A year after their Riviera lunch, Churchill and Eden were together in the House of Commons’ smoking room when the evening papers arrived with the news that German troops had marched into the Czechoslovakian capital of Prague. Six months later, Britain was at war.
Churchill, whose premonitions of the threat Hitler posed had proved correct, was invited back into government, and when embattled Prime Minister Neville Chamberlain resigned, it was Churchill who was asked to lead a wartime administration. Churchill made Eden his Secretary of State for War, then later Foreign Secretary.
One night, as the Luftwaffe’s bombs rained down on London, Churchill and Eden discussed the future. Aged 65, Churchill said he was ‘an old man’ and would not repeat the mistake of Lloyd George, who had led Britain’s World War One government and then carried on as leader afterwards. Eden recorded in his diary that Churchill said, “the succession must be mine.” It was a promise Eden would cling to, but one Churchill would not fulfil. They ended their evening on cheery terms, with Churchill telling his friend, “we shall win this war together.”
During the war, Eden was a confidant and peacemaker to Churchill’s pugnacious political style. They had significant disagreements and Eden shared the concerns of other MPs over Churchill’s dictatorial method of leadership, noting, “he sees himself … as the sole director of the war.” But Eden rebuffed suggestions of ousting Churchill at a time when the war was going badly and when hostilities ended, they remained side by side. On VE Day, Churchill messaged Eden to thank him, writing, “throughout you have been my mainstay.”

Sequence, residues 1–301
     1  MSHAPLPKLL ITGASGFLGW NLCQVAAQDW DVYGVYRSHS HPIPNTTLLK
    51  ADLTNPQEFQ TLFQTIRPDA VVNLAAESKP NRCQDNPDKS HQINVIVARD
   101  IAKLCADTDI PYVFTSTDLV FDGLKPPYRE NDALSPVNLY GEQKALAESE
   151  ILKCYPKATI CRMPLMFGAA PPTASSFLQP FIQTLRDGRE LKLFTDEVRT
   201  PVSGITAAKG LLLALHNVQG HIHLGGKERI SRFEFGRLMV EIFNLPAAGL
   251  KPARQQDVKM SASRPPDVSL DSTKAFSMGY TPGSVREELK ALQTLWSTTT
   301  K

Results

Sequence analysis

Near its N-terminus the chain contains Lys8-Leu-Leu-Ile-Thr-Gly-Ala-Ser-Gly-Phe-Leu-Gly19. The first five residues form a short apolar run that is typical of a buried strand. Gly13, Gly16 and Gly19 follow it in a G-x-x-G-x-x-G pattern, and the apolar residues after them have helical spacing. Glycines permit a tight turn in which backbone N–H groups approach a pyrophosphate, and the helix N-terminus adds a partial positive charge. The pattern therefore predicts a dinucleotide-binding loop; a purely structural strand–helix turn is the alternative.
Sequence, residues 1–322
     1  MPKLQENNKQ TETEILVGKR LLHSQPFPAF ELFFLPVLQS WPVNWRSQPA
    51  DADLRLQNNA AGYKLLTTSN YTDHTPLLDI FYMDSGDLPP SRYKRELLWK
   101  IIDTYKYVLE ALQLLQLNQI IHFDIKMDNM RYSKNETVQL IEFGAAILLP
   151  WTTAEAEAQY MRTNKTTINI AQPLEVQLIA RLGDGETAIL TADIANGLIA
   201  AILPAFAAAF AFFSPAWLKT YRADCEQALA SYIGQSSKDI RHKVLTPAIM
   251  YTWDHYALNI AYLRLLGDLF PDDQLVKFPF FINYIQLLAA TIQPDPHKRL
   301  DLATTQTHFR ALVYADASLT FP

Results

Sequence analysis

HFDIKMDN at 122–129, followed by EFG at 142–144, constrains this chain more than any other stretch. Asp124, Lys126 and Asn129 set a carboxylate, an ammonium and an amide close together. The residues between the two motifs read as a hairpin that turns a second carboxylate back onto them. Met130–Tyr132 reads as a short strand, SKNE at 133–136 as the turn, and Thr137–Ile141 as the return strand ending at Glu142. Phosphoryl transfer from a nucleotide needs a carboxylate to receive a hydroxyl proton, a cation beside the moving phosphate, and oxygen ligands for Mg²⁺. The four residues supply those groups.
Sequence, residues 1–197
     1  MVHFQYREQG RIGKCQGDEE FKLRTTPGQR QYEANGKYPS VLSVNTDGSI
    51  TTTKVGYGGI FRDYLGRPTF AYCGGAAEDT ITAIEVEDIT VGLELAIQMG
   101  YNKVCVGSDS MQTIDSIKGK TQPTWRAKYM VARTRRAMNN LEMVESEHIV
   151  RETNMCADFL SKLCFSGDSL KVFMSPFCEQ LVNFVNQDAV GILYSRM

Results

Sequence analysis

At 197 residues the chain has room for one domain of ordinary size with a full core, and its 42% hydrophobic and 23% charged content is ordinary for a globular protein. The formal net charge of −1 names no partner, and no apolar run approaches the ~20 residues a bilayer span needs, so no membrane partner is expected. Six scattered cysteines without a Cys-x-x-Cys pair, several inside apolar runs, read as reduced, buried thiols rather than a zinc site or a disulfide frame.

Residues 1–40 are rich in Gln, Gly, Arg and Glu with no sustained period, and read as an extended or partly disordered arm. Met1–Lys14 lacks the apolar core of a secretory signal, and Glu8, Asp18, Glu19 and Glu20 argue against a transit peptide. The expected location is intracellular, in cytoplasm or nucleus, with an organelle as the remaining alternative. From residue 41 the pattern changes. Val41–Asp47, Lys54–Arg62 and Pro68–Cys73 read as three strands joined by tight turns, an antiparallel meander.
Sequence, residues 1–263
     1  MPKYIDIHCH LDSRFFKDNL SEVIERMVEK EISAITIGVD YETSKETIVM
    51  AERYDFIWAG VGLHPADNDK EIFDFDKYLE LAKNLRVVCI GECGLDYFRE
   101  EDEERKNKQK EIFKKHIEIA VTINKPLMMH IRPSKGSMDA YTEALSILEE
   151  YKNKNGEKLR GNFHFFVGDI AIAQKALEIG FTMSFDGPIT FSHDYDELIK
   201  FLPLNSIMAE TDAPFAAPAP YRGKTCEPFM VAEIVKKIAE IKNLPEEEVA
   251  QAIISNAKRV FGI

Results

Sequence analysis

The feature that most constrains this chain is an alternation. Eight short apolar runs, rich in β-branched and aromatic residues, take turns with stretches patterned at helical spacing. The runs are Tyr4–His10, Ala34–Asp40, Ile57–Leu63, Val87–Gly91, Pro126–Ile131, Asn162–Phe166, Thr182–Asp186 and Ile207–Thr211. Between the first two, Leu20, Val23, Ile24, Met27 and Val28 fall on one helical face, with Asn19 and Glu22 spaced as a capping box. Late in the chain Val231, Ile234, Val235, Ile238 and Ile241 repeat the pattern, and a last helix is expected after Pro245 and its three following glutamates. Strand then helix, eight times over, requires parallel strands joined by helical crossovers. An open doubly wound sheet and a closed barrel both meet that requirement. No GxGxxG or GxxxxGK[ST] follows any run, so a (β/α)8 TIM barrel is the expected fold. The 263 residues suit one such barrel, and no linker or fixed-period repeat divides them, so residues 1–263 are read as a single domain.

A change of power
The 1945 election didn’t go as expected. Churchill suffered a landslide loss, putting him and Eden out of government. For half a decade Churchill stayed on as Conservative Party leader, spending much time writing his memoirs and leaving Eden to run the party and the opposition. It stretched their relationship to breaking point.